I am a PhD candidate at Department of History and Philosophy of Science, University of Cambridge, working on my Wellcome-funded research project “The Doctrine of Signatures in Early Modern Medical Practice.” My project explores the doctrine of signatures as a practical method in medical recipes, alchemical experiments and natural-historical information management in early modern Europe, and its survival into modern science. It approaches questions concerning Renaissance analogical worldview and early modern magic-science transition from the perspective of practice, and pays particular attention to the temporalities behind our conventional image of “the doctrine of signatures” today. In addition to the early modern era, I also study twentieth-century intellectual history, particularly in the circle of art historian Aby Warburg (1866-1929), and have a broad interest in anthropology, media theories and contemporary philosophy.
Before coming to Cambridge, I have been a curator and researcher of contemporary art in Beijing. I have worked as convenor of New Media Research Group at Center for Visual Studies, Peking University, and have published several journal articles and reviews on contemporary art, media theories, and laboratories in art and science. I hold a BPhil in philosophy and classical studies from Peking University, and an MPhil in history of science from Cambridge.
I am also a Cambridge Data Champion
and I provide training and advices in research data management (RDM) and digital humanities. As Data Champion I seek to explore how techniques of data management shaped our perspectives, methodologies, and construction of research objects. I am the founder of the History of Science Library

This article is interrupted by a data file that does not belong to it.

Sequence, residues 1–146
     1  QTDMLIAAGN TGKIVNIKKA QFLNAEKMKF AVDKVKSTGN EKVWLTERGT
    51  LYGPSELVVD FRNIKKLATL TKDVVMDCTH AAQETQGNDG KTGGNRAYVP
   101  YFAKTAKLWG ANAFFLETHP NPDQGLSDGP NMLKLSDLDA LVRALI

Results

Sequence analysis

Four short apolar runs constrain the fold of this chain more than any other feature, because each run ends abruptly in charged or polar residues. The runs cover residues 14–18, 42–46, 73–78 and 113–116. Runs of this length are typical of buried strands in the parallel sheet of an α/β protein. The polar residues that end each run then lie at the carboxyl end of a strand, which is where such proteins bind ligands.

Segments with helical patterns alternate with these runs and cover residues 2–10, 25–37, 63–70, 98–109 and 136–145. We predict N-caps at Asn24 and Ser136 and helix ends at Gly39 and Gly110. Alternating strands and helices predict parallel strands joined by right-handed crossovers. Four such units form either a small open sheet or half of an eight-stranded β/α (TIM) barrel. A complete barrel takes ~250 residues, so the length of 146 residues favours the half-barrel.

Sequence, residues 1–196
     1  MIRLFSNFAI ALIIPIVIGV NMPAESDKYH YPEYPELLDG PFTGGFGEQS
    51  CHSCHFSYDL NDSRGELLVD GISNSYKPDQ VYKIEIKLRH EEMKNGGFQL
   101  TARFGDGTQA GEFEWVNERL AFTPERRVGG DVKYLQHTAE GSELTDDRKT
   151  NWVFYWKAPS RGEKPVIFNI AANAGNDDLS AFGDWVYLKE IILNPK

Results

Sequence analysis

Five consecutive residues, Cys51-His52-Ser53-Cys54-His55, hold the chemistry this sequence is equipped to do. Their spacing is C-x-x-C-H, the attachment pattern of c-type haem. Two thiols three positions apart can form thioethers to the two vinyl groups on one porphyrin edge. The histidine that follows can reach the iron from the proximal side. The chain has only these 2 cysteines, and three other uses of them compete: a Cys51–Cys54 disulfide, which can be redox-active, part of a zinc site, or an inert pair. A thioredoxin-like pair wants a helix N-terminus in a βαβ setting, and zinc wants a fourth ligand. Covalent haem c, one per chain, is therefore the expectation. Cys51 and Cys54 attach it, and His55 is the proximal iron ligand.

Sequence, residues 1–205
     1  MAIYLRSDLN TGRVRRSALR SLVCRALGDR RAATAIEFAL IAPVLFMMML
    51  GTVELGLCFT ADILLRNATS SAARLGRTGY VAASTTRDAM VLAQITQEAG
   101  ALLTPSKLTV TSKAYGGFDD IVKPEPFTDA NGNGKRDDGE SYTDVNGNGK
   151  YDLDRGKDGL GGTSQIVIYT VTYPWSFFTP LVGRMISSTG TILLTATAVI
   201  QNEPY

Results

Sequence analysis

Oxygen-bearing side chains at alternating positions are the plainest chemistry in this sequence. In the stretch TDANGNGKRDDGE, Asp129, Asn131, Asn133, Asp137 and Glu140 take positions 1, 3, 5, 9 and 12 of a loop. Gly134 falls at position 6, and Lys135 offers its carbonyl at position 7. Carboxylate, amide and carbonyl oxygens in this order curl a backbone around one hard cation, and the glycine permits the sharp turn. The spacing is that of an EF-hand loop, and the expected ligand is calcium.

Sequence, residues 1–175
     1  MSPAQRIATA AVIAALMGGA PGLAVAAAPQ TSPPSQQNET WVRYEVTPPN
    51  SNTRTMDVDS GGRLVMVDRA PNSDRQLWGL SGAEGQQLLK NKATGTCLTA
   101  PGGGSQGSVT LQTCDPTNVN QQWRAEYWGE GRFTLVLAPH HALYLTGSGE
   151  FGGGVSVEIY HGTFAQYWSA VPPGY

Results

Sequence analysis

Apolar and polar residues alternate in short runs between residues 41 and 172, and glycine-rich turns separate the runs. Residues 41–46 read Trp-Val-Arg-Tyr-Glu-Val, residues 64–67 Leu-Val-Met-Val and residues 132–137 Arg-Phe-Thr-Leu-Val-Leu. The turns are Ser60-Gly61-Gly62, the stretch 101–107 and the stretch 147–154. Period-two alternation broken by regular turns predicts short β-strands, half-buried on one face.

, a public Zotero library for history of science and a resource hub for data management in humanities.
ProjectsThe Doctrine of Signatures in Early Modern Medical Practice
(Wellcome Trust Doctoral Scholarship, 221115/Z/20/Z)
A walnut looks like a brain, and therefore could cure brain diseases — in pharmaceutical science and natural remedies today, a traditional medicinal idea “doctrine of signatures” is widely cited, which holds that plants’ morphological resemblance to human organs indicate their curative effects. While this doctrine was often described as an ancient, traditional and even pre-historical idea, it was only first conceptualised as a full-blown theory by Swiss physician Paracelsus and gained its name, the “doctrine of signatures (Signaturenlehre),” from Paracelsus and theologian Jakob Böhme. From the historical introduction of John Ayrton Paris’s Pharmacologia (1822) to Philippe Descola’s “Analogical Ontology” (2013 ), the doctrine of signatures has been constantly constructed as a premodern paradigm of thoughts that connected plants, animals and men with analogies, in opposition to any scientific world view. Today in historical scholarship, the doctrine of signatures has been frequently mentioned as a medical philosophy, an emblematic world view or allegorical reading of nature; yet it has not been systematically examined in early modern therapeutic practices, from chymical laboratories to household recipes. Meanwhile, despite being famously rejected by some influential scientists such as John Ray, this doctrine’s persistent influence on late seventeenth-century botanical and medical sciences has often been undermined.
This project aims to penetrate layers of myths concerning the doctrine of signatures, and historicise this doctrine in practices of early modern alchemy, medicine and natural history. It primarily focuses on German-speaking areas and England in the sixteenth and seventeenth century, while taking the broader temporal and geographical scale into consideration. It will challenge the treatment of this doctrine as a monolithic cosmology, and instead approach it as a fluid, malleable set of ideas and practices developed and transformed throughout the time. In the first chapter, it will present an “archaeology” of the invention of our common conception of the doctrine of signatures today, following a reversed timeline from nineteenth-century colonial medicine to the “survival of antiquity” in Renaissance. In the second chapter, it will examine the doctrine of signatures against the dynamics between pathologies and therapeutics in medical practitioners from Paracelsian chymists to household recipe authors. In the third chapter, it will identify the influence of this doctrine in late seventeenth-century sciences from microscopy to plant physiology, and discuss its Janus face as both science and superstition.